Forty-three men have served as President of the United States. Countless books have been written about them. But never before has a President told the story of his father, another President, through his own eyes and in his own words. A unique and intimate biography, the book covers the entire scope of the elder President Bush's life and career, including his service in the Pacific during World War II, his pioneering work in the Texas oil business, and his political rise as a Congressman, U.S. Representative to China and the United Nations, CIA Director, Vice President, and President. The book shines new light on both the accomplished statesman and the warm, decent man known best by his family. In addition, George W. Bush discusses his father's influence on him throughout his own life, from his childhood in West Texas to his early campaign trips with his father, and from his decision to go into politics to his own two-term Presidency.
Edward P. Jones, a prodigy of the short story, returns to the form that first won him praise in this new collection of stories, All Aunt Hagar's Children. Here he turns an unflinching eye to the men, women, and children caught between the old ways of the South and the temptations that await them in the city, people who in Jones's masterful hands emerge as fully human and morally complex. With the legacy of slavery just a stone's throw behind them and the future uncertain, Jones's cornucopia of characters will haunt readers for years to come.
MARIE-LAURE LIVES WITH HER FATHER in Paris near the Museum of Natural History, where he works as the master of its thousands of locks. When she is six, Marie-Laure goes blind and her father builds a perfect miniature of their neighborhood so she can memorize it by touch and navigate her way home. When she is twelve, the Nazis occupy Paris and father and daughter flee to the walled citadel of Saint-Malo, where Marie-Laure's reclusive great-uncle lives in a tall house by the sea. With them they carry what might be the museum's most valuable and dangerous jewel.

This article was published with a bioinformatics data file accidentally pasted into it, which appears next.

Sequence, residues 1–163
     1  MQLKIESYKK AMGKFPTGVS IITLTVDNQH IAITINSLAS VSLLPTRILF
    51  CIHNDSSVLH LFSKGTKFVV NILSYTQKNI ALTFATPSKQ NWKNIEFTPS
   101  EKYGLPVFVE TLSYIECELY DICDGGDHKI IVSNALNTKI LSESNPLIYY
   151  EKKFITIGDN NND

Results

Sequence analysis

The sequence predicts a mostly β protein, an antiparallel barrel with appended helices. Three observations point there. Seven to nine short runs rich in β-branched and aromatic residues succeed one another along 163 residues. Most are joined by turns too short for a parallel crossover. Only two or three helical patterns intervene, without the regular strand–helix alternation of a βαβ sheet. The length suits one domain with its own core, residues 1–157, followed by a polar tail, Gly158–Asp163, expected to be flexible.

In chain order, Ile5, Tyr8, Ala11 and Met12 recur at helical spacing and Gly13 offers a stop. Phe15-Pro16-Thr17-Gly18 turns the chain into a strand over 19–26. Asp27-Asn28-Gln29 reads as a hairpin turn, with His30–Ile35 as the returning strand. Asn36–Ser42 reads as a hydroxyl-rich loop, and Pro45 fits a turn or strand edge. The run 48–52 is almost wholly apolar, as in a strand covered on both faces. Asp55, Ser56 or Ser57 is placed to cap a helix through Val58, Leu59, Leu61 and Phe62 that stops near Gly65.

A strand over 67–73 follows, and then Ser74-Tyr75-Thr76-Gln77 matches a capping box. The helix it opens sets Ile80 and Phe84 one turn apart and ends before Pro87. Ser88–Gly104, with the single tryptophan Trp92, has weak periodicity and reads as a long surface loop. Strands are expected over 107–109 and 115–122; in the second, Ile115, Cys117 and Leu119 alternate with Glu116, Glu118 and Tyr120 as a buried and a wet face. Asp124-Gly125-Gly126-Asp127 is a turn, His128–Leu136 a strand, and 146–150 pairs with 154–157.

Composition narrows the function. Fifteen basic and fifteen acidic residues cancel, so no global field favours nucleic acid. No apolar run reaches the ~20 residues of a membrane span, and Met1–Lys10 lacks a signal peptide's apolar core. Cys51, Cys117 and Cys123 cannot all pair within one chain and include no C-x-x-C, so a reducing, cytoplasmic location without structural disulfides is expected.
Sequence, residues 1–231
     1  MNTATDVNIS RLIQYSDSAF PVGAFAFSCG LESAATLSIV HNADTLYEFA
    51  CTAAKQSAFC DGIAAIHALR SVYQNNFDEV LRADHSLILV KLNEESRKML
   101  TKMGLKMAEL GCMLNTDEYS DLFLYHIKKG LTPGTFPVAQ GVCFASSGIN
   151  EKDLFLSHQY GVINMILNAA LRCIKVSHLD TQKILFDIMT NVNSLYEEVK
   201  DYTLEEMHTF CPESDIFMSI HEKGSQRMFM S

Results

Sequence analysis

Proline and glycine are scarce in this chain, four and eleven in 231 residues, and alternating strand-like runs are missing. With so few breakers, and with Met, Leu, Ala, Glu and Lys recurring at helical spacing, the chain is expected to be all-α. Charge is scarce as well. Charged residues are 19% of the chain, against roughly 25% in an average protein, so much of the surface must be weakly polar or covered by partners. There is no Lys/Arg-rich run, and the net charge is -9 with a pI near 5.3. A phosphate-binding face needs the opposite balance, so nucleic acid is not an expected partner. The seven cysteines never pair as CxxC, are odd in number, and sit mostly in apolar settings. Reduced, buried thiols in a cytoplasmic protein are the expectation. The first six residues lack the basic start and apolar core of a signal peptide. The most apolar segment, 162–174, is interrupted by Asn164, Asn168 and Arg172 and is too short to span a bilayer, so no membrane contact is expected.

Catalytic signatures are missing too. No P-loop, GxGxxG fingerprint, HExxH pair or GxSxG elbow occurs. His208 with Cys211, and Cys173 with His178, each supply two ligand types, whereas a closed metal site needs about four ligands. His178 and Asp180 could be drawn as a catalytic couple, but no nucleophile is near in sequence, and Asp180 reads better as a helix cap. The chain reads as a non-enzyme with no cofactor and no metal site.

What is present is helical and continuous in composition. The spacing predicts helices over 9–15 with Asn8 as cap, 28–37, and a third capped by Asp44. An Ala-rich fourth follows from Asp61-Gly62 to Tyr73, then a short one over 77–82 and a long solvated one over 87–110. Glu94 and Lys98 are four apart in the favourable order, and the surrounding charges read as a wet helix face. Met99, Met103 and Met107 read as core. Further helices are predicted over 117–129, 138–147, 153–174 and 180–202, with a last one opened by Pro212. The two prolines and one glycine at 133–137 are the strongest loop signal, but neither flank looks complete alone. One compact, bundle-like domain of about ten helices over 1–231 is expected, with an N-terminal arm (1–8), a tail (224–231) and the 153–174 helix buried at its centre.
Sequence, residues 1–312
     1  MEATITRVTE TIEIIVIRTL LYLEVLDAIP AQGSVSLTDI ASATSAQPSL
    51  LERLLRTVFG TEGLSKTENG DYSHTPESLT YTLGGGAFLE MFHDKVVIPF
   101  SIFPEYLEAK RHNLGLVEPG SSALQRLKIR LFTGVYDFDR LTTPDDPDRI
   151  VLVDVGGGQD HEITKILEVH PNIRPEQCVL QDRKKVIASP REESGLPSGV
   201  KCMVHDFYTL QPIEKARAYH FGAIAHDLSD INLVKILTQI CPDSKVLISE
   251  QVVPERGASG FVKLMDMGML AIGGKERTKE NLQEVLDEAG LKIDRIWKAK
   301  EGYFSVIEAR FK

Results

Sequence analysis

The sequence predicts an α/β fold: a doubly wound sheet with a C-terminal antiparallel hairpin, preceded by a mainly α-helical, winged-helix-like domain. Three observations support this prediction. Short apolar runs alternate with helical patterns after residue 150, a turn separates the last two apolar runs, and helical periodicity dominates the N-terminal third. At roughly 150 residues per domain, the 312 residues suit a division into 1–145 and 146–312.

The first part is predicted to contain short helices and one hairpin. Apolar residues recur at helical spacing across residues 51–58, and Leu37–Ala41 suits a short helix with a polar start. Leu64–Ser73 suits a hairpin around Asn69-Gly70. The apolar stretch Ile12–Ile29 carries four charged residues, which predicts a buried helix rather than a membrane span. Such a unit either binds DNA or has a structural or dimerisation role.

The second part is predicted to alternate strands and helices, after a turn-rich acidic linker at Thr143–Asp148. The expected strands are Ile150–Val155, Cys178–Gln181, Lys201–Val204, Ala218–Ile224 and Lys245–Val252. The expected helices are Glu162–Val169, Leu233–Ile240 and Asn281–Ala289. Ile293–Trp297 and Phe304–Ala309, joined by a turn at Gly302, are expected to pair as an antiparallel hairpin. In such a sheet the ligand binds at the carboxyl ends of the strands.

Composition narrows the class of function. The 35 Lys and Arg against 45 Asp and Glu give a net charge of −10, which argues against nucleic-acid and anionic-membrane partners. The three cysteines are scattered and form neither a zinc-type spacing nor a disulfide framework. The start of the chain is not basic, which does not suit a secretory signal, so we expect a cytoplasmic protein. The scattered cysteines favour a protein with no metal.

In a mining town in Germany, the orphan Werner grows up with his younger sister, enchanted by a crude radio they find. Werner becomes an expert at building and fixing these crucial new instruments, a talent that wins him a place at a brutal academy for Hitler Youth, then a special assignment to track the resistance. More and more aware of the human cost of his intelligence, Werner travels through the heart of the war and, finally, into Saint-Malo, where his story and Marie- Laure's converge.
Doerr's "stunning sense of physical detail and gorgeous metaphors" ("San Francisco Chronicle") are dazzling. Deftly interweaving the lives of Marie-Laure and Werner, he illuminates the ways, against all odds, people try to be good to one another. Ten years in the writing, "All the Light We Cannot See" is a magnificent, deeply moving novel from a writer "whose sentences never fail to thrill" ("Los Angeles Times").
Kenneth C. Davis, author of the phenomenal New York Times bestseller Don't Know Much About History, presents a collection of extraordinary stories, each detailing an overlooked episode that shaped the nation's destiny and character. Davis's dramatic narratives set the record straight, busting myths and bringing to light little-known but fascinating facts from a time when the nation's fate hung in the balance.
Spanning a period from the Spanish arrival in America to George Washington's inauguration in 1789, America's Hidden History details these episodes, among others:
- The story of the first real Pilgrims in America, who were wine-making French Huguenots, not dour English Separatists